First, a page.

How it Works

In a nutshell, Client-side encrypts sensitive data using the public key (which we will refer to in code samples here as ‘YOUR_ENCRYPTION_KEY’) of an RSA keypair. Once the data reaches Braintree’s servers, the data is decrypted using the keypair’s private key.

Creating the Keypair

When Client-side encryption is enabled for your Braintree account, an RSA keypair is generated and you are given a specially formatted version of the public key. The private key, however, is never revealed to you or anyone else. This public key is used when encrypting information using the JavaScript library provided by Braintree.

Encrypting Sensitive Information

To encrypt sensitive information on your credit card form you simply include Braintree’s JavaScript library using a script tag, configure the library to use your public key, and call the encrypt method passing in the data you wish to be encrypted. Because Client-side uses RSA, a type of asymmetric encryption, you will be unable to decrypt the data you have encrypted using your public encryption key. Only Braintree will be able to decrypt these encrypted values.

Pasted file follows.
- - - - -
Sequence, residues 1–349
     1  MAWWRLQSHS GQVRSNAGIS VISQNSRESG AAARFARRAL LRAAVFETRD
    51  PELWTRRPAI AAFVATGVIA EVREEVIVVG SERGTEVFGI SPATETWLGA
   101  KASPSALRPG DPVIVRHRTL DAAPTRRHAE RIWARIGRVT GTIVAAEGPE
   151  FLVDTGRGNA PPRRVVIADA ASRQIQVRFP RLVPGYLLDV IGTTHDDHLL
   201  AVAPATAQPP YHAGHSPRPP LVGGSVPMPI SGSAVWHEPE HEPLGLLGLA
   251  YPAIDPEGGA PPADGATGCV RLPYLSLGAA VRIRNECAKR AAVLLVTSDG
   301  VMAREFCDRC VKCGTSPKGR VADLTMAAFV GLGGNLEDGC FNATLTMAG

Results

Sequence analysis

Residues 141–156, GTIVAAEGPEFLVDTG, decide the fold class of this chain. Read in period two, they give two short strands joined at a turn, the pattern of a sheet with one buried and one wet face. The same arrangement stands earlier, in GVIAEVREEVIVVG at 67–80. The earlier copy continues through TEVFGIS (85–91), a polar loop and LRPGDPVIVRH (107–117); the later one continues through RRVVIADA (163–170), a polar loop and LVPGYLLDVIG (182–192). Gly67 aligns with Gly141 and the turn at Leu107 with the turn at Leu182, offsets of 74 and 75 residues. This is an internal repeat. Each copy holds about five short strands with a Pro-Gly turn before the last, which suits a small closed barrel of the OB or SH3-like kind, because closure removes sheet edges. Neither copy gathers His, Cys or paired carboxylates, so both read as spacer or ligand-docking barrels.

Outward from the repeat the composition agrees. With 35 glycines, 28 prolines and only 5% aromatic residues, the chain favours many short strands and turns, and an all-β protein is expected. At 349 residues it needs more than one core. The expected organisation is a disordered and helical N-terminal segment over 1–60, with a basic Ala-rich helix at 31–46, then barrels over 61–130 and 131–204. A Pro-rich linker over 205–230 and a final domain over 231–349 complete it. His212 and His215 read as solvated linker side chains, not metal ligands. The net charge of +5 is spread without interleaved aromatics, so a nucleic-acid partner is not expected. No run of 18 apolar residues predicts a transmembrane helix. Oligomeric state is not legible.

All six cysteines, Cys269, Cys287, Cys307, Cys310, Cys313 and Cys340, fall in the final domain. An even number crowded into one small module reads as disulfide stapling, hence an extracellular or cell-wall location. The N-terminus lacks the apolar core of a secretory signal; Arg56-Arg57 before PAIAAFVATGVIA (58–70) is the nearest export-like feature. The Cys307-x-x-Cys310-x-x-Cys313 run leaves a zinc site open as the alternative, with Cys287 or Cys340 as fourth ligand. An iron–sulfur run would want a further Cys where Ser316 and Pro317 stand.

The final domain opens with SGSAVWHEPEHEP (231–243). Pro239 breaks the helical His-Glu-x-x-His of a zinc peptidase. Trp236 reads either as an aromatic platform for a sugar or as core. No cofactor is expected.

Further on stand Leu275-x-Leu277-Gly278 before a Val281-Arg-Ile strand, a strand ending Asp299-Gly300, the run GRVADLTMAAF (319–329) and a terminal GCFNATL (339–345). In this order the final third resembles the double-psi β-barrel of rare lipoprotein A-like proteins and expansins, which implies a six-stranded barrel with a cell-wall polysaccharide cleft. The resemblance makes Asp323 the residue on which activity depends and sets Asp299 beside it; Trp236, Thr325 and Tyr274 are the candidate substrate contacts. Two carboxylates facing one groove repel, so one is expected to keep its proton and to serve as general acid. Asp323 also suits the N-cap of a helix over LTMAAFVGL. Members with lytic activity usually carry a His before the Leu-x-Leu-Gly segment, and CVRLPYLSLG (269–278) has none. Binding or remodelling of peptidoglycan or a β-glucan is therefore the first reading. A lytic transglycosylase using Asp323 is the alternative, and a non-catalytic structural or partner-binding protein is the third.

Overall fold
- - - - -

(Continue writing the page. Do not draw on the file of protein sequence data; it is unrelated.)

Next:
Example

Let’s walk through an example of what your client side JavaScript code may look like when using Client-side encryption. In this example, we have a form with the id ‘transaction_form’. It contains two inputs we’d like to encrypt with the ids ‘transaction_credit_card_cvv’ and ‘transaction_credit_card_number’. Our example code will use jQuery and assumes the Braintree javascript library is available.

Here’s the basics of using the code.

var clientSideEncryptionKey = "YOUR_ENCRYPTION_KEY";

var braintree = Braintree.create(clientSideEncryptionKey);

var encryptedValue = braintree.encrypt("plainTextValue");

And here’s the code for a complete solution. We’re using an approach of copying the form data to another hidden form. The sensitive data could be encrypted in place, but the user may see their form values change. Copying to another form prevents this behavior and makes the encryption transparent to your customers.

var clientSideEncryptionKey = "YOUR_ENCRYPTION_KEY";

var braintree = Braintree.create(clientSideEncryptionKey);

var updateIds = function (form) {